Estimates of left atrial size in patients with suspected cardiac disease play an important role in diagnostic medicine. Left atrial size is used in predicting prognosis and events, as well as treatment decisions. Two methods are commonly used to estimate left atrial size: chest radiography and cardiac ultrasound. This study aims to determine the test characteristics of chest radiography and compare the use of radiographs to cardiac ultrasound (the gold standard test). Data from patients older than 18 years admitted to Pretoria Academic Hospital during 2000-2003 who had both chest X-rays and cardiac ultrasound were included in this cross-sectional, retrospective analysis. Chest X-rays were classified into three quality classes, and the sub-carinal angle (SCA) and sub-angle distance (SAD) were measured twice in all available X-rays by two observers. Intra- and interobserver variability (3 methods) as well as the predictive value of the SCA and SAD measurements were determined using logistic regression (with left atrial size determined by ultrasound as comparator). P-values < 0.05 were regarded as statistically significant for all comparisons. Data for 159 patients were available (154 cardiac ultrasounds and 178 chest radiographs). Intraobserver variability regarding chest X-ray measurements was low with almost perfect concordance (P=0.000). Interobserver variability was higher for supine X-rays. Using logistic regression, a linear model was identified which was statistically significant only for erect X-rays. While goodness-of-fit analysis showed that the model fits the data, performance characteristics were poor, with high sensitivity and low specificity, and an area under the ROC curve of 0.62-0.63, depending on type of X-ray and measurement (SCA or SAD). Linearity in the logit of the dependent variable was assessed, and found to be present at the extremes of carinal angle measurements for the supine X-ray data and in the first three quartiles for erect X-ray data. A non-linear model determined by fractional polynomial analysis did not perform significantly better than the original linear model. Cut-off values for the SCA of 72o and 84o (erect and supine X-rays, respectively) were found to give the best compromise between sensitivity and specificity. The corresponding cut-off values for SAD were 24.1mm and 26.9mm. Assessment of either SCA or SAD to determine left atrial size is equivalent and repeatable, both within the same observer, and between two observers (less so for supine X-rays). While this measure is precise, it was found not to be very accurate. Therefore, chest X-rays are not reliable in predicting left atrial enlargement.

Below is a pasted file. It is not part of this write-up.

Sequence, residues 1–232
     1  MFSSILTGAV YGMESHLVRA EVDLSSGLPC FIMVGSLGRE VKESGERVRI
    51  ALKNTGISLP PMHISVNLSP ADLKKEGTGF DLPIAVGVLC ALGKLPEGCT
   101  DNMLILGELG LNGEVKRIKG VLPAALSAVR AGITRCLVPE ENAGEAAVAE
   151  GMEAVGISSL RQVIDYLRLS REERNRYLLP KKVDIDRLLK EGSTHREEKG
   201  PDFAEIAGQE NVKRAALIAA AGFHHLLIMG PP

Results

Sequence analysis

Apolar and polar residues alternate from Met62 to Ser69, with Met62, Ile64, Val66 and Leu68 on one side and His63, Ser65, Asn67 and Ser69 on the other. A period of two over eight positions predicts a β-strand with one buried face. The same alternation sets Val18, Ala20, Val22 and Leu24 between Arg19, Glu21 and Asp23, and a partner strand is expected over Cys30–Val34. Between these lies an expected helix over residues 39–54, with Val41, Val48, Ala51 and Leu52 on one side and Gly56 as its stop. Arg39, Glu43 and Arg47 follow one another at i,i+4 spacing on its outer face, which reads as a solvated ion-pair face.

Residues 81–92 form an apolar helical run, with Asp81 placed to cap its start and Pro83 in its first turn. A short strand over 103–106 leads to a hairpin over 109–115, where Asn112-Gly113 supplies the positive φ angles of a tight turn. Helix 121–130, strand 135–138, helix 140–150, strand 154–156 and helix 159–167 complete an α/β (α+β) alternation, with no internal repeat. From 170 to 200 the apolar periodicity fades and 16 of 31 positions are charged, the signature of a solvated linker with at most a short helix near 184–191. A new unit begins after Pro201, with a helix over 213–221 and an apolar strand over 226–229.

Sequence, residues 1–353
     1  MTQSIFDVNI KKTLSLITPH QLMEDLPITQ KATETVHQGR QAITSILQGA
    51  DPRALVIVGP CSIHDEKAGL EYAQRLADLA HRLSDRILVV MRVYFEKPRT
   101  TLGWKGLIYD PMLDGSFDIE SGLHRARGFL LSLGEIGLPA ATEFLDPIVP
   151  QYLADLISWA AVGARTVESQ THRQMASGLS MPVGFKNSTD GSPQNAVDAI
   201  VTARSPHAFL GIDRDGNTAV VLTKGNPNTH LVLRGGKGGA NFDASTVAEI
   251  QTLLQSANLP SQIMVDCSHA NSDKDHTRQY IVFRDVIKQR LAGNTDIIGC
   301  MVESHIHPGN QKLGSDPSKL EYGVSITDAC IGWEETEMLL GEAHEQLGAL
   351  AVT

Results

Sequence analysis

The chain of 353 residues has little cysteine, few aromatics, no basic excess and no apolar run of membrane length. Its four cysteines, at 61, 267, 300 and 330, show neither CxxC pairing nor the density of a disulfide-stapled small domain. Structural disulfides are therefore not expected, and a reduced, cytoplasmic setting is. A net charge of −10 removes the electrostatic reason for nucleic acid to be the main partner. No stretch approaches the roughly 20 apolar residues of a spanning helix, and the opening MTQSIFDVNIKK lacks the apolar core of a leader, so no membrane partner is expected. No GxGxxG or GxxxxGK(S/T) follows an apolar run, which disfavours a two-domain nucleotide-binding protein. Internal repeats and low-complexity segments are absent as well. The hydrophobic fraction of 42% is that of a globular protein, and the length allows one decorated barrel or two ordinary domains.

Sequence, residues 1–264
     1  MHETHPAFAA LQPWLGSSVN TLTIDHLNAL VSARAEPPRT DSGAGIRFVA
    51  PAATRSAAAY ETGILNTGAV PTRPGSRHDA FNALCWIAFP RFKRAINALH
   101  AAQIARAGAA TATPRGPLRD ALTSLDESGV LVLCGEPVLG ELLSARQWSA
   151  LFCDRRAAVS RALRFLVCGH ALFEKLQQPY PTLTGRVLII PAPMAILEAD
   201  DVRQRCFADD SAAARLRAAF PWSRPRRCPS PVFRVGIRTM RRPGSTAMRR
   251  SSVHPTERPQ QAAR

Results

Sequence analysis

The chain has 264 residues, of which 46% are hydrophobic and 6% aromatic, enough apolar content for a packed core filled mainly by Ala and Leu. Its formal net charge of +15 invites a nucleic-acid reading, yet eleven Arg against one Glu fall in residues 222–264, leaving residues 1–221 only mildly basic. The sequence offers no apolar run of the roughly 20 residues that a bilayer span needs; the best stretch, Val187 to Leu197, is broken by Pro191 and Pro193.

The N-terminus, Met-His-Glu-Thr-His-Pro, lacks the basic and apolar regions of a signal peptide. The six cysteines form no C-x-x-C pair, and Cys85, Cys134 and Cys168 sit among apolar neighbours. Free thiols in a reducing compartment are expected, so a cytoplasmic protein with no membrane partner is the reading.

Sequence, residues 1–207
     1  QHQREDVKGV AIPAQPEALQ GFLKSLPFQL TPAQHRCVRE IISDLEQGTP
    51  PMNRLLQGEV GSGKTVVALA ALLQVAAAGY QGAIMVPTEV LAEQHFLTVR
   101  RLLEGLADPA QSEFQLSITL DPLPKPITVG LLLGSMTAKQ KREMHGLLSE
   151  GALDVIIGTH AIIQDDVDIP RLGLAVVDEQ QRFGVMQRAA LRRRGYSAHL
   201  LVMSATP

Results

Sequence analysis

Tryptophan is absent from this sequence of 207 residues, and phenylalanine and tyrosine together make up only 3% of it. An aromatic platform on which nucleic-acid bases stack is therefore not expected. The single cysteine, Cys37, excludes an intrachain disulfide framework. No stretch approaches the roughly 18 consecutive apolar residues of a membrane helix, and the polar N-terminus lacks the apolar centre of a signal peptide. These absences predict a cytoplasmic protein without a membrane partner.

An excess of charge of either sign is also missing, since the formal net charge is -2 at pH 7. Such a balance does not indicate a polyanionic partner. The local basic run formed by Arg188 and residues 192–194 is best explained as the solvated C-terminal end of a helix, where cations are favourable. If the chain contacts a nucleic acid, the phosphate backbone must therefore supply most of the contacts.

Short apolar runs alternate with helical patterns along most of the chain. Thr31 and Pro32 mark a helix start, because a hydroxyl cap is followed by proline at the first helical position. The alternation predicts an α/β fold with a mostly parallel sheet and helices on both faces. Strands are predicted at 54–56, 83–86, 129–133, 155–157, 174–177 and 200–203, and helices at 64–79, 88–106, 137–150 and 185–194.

Dissertation (MSc (Clinical Epidemiology))--University of Pretoria, 2007.